• A rare and potentially life threatening complication of otitis media involving the inflammation of the apex of petrous pyramid (medial aspect of temporal bone). Occurs any time between 1 week to 3 months after acute otitis media (AOM) and up to 3 years after chronic suppurative otitis media (CSOM).
    • Should suspect this syndrome any time there is CN 6 palsy in the setting of otitis media, whether acute or chronic
  • Clinically, Gradenigo syndrome is characterized by triad of ear discharge, diplopia, and hemifacial pain
    • Suppurative otitis media (ear discharge and pain)
    • Trigeminal neuralgia involvement causes pain in the distribution of the nerve manifested as hemicranial headache and hemi-facial pain
    • Abducens nerve involvement causes ipsilateral lateral rectus palsy and lateral gaze palsy
  • Infection spread from suppurative otitis media to the petrous apex may be via pneumatized air cell tracts, through vascular channels, or as a result of direct extension through fascial planes
  • Organisms are not well studied but the most common one appears to be pseudomonas.  Staph, strep, pneumococcus, and TB have also been reported.
  • If left untreated, it can result in serious complications such as meningitis, intra-cranial abscess, sinus thrombosis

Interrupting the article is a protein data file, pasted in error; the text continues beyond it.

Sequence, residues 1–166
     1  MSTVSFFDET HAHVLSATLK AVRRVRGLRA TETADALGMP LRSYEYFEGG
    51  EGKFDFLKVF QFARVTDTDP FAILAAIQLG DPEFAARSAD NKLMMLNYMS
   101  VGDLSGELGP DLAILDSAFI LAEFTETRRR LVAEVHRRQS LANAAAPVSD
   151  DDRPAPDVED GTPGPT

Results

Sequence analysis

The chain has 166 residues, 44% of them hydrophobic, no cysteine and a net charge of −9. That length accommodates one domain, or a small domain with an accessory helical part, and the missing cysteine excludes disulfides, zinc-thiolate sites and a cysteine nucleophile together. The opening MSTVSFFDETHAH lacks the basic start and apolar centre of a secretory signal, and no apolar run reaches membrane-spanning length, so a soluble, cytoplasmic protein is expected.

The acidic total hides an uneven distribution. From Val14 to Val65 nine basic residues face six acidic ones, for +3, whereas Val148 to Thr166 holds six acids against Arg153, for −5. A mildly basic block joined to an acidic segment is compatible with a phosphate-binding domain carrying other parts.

• Treatment
    • Broad spectrum antibiotics IV for up to 6 weeks (to treat a presumed temporal bone osteomyelitis)
    • Fluoroquinolone ear drops
    • Tight glucose control
  • Differential diagnoses to consider:
    • Cavernous sinus thrombosis
      • Headache
      • cavernous sinus thrombosis
        Source: UpToDate

        Papilledema

      • CN palsies (see picture of what runs through cavernous sinus)
    • Ophthalmoplegic migraine:
      • Rare condition, often manifests in children and young adults
      • Diagnosis of exclusion
      • Most commonly affects CN3 (but can go to CN4 and CN6 as well)
      • Can sometimes precede the headache
      • Review article here
    • Diabetic ophthalmoplegia
      • Common cause of isolated CN6 palsy
    • Neoplasms
      • Nasopharyngeal cancer
      • Plasmacytoma
      • Pituitary adenoma
      • CN6 neuroma
      • Skull base tumors
      • Sohenoid sinus tumors
      • Squamous cell
    • Stroke
    • Demyelinating diseases
    • Vasculitis
    • Idiopathic intracranial hypertension

Complications of acute otitis media

  • Intratemporal
    • Tympanic membrane rupture (leads to hearing loss and pain relief!)
    • Labrynthitis (nausea, vomiting, tinnitus, vertigo)
    • Mastoiditis
    • CN palsies (including Gradenigo syndrome)
  • Extratemporal
    • Epidural, subdural, and brain abscesses
    • Skull base osteo
    • Otitic hydrocephalus (without meningitis or brain abscess)
    • Otitic meningitis
    • Lateral sinus thrombosis